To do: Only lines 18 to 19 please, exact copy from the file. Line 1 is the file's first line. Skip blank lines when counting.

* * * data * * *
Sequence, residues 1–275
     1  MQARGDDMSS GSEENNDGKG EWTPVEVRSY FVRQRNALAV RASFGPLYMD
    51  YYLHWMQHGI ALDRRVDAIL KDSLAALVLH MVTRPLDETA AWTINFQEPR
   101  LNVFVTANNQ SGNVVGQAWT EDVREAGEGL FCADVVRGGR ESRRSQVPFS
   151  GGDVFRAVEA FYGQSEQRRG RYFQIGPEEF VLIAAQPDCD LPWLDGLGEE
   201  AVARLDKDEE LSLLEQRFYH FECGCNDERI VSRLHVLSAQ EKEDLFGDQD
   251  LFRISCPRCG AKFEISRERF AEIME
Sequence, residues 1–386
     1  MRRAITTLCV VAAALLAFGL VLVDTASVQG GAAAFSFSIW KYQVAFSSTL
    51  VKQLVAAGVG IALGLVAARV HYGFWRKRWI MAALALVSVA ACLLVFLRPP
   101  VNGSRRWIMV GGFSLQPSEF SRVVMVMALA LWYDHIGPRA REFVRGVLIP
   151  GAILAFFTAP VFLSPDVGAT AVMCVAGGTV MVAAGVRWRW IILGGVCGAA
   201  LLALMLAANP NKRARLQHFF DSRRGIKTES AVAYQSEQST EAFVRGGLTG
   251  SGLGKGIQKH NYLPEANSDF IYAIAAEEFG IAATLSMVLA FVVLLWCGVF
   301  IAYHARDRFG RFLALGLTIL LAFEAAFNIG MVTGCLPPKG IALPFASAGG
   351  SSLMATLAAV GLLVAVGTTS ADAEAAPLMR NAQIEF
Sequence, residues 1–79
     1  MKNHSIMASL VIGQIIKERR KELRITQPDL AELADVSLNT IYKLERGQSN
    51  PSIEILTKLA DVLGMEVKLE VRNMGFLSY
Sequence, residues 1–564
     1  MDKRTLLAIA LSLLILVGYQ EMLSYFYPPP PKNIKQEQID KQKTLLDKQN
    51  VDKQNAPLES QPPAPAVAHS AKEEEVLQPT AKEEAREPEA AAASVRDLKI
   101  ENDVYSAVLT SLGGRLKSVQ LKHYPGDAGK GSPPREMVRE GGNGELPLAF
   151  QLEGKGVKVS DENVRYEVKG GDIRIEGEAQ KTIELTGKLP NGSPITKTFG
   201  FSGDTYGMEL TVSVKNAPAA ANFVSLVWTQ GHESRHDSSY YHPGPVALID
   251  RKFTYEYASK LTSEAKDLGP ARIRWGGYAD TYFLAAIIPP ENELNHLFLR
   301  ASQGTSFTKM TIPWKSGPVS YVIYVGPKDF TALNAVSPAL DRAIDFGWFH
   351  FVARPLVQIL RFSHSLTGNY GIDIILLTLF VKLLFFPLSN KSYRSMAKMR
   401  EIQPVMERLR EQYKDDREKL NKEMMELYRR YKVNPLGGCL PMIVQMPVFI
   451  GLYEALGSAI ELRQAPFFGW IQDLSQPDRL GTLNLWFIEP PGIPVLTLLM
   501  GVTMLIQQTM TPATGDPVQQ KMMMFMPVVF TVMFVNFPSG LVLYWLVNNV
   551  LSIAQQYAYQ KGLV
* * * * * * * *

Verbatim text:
     1  MKNHSIMASL VIGQIIKERR KELRITQPDL AELADVSLNT IYKLERGQSN
    51  PSIEILTKLA DVLGMEVKLE VRNMGFLSY